PDM: Metabolic Syndrome (2013)


Klemsdal TO, Holme I, Nerland H, Pedersen TR, Tonstad S. Effects of a low glycemic load diet vs. a low-fat diet in subjects with and without the metabolic syndrome. Nutr Metab Cardiovasc Dis. 2010; 20 (3): 195-201.

PubMed ID: 19502017
Study Design:
Randomized Controlled Trial
A - Click here for explanation of classification scheme.
Quality Rating:
Positive POSITIVE: See Quality Criteria Checklist below.
Research Purpose:

The aim of the study was to compare the one-year clinical effects of a low-glycemic load (LGL) diet vs. a low-fat diet in a trial with a moderately intense dietary intervention in subjects with varying degrees of metabolic syndrome.

Inclusion Criteria:
  • BMI between 28 and 40kg/m2 for men
  • BMI between 28 and 35kg/m2 for women
  • Have at least one criterion of the metabolic syndrome as defined by the National Cholesterol Education Program in 2001
  • All subjects signed a written informed consent
  • The patients were not offered any economical compensation.
Exclusion Criteria:
  • Any symptomatic cardiovascular disease and diabetes requiring medication
  • Patients taking lipid-lowering treatment or weight reducing medication within 12 weeks were also excluded
  • Subjects with eating disorders were excluded by history.
Description of Study Protocol:


  • 202 subjects were randomized
  • 128 subjects were recruited through newspaper advertisement, 27 among the regular patients at the clinic, eight from the screening of new patients at the clinic and 38 from other sources.


Randomized controlled trial.

Blinding Used

Implied with measurements.


  • Low-glycemic load (LGL) diet (35% to 40% of energy from fat, 25% to 30% energy from protein, 30% to 35% from carbohydrates and up to 3% from alcohol)
  • Low-fat diet (less than 30% of energy from fat, about 15% from protein, 55% to 60% from carbohydrates and up to 3% from alcohol).

Statistical Analysis

  • Repeated measure ANOVA used to assess the group differences
  • A regression analysis of a possible interaction between the presence of the metabolic syndrome and the effect of the randomized diets on the major clinical end-points were performed
  • All analyses were performed using the statistical software SPSS, version 14.0.
Data Collection Summary:

Timing of Measurements

Measurements made at baseline, three months and one year.

Dependent Variables

  • Change in body weight and change in waist/hip circumference. Waist circumference was measured in mid-exhalation midway between the lower rib margin and the iliac crest, and hip circumference was measured at the levels of the trochanters through the pubic symphysis.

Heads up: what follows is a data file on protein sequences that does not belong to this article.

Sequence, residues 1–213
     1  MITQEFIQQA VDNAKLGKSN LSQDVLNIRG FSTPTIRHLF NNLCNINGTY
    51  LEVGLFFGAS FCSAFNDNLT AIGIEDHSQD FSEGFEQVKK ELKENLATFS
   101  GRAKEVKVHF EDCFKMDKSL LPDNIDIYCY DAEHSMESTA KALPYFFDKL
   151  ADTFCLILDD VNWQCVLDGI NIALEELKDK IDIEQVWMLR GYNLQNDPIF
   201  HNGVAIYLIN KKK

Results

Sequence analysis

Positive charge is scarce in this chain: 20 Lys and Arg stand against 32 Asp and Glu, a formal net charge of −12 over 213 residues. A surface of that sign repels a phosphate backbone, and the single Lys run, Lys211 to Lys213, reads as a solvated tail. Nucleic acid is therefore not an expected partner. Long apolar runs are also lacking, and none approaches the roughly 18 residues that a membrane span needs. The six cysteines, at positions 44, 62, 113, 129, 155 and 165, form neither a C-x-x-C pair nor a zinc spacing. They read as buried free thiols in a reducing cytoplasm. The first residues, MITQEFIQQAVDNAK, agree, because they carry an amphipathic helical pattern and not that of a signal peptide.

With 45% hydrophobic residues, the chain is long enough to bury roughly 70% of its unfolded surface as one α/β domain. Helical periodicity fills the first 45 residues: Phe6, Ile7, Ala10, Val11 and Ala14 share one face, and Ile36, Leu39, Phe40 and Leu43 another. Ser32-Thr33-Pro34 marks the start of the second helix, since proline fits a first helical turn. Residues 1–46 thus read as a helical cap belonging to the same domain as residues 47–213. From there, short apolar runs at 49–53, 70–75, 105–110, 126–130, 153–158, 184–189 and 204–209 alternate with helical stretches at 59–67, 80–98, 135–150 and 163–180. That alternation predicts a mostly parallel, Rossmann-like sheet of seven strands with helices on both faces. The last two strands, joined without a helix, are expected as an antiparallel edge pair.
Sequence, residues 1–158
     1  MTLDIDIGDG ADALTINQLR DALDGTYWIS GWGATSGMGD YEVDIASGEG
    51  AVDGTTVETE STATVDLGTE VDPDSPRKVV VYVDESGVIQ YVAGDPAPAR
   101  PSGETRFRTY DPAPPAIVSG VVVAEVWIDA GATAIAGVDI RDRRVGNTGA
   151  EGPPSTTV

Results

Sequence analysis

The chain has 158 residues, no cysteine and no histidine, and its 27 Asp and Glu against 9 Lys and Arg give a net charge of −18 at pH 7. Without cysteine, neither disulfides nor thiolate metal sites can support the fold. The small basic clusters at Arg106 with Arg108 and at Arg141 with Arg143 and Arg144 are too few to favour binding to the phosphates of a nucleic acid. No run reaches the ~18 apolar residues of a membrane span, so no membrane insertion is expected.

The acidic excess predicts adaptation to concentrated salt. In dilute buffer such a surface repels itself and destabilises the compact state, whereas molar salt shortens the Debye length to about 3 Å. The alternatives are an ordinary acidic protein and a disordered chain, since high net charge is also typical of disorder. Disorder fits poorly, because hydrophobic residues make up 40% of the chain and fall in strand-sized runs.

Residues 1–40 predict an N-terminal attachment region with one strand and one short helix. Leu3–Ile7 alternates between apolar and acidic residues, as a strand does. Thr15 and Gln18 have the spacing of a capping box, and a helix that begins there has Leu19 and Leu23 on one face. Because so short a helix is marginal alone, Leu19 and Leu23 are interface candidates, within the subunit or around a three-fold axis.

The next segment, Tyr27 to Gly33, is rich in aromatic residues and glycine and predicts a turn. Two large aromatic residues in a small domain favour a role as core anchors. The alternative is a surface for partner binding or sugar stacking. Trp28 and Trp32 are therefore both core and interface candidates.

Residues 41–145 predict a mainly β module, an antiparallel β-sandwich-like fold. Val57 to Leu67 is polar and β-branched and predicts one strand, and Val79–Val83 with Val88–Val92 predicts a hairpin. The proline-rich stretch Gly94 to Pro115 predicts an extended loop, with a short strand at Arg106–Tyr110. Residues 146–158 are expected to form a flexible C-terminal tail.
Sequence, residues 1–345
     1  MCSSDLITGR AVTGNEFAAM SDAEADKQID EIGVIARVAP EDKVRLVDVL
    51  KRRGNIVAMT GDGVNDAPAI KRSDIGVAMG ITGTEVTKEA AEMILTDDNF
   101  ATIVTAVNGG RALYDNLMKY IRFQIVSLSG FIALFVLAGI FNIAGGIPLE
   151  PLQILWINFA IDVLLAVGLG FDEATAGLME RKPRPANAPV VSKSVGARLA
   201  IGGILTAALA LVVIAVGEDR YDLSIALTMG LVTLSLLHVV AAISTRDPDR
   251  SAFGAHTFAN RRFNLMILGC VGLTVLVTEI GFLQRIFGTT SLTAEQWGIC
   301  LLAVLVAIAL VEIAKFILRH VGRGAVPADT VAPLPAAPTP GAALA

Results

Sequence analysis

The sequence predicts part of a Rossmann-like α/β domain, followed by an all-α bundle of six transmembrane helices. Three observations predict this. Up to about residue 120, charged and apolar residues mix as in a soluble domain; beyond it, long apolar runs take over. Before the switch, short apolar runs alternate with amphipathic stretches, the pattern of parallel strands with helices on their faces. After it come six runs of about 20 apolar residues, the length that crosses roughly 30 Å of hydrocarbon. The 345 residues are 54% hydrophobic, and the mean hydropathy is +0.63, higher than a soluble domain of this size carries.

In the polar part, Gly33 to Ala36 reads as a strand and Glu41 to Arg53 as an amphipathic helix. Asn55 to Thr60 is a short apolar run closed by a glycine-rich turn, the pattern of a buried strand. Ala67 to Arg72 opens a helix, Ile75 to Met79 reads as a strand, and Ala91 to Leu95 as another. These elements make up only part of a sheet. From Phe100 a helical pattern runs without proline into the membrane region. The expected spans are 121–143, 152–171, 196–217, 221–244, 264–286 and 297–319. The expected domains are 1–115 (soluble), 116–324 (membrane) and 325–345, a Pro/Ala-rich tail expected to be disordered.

• Blood pressure and heart rate measured using an automatic device and performed after the subject had rested in the sitting position for five minutes
  • Change in glucose, high sensitive CRP, total cholesterol, HDL cholesterol, triacylglcyerol and apolipoprotein B were measured with standardized methods at the Department of Clinical Chemistry Ullevaal University Hospital, Oslo. Analyses of C-peptide and insulin were performed at the Hormone laboratory at Aker University Hospital, Oslo.

Independent Variables

  • Low glycemic load diet (LGL): Target dietary intake was 35-40% of energy from fat, 25-30% from protein, 30-35% from carbohydrates and up to 3% from alcohol
  • Low-fat diet: Goal was to achieve intake of a diet with <30% of energy from fat, about 15% from protein, 55-60% from carbohydrates and up to 3% from alcohol
  • Participants in both groups were offered nine dietary counseling sessions in the course of the study (baseline, week two, months one, two, three, four, five, six and nine). The dietitian met with the subjects individually at baseline, week two, month one and month nine while all other visits with the dietitian were conducted in a group.

 Control Variables 

Description of Actual Data Sample:
  • Initial N: 320 men and women evaluated and 225 screened. 202 men and women were randomized.
  • Attrition (final N): At one year
    • 78 of 100 subjects in the LGL group
    • 86 of 102 subjects in the low-fat group completed the study
  • Age: 30-65 years
    • Mean age 50.1 in the LDL group
    • 49.9 in the low-fat diet group
  • Ethnicity: Caucasian
  • Other relevant demographics:
  • Anthropometrics: Baseline characteristics were similar between the low glycemic load and low-fat groups
  • Location: Norway.


Summary of Results:

Key Findings

  • The achieved differences in macronutrient intakes between the groups were highly significant for all macronutrients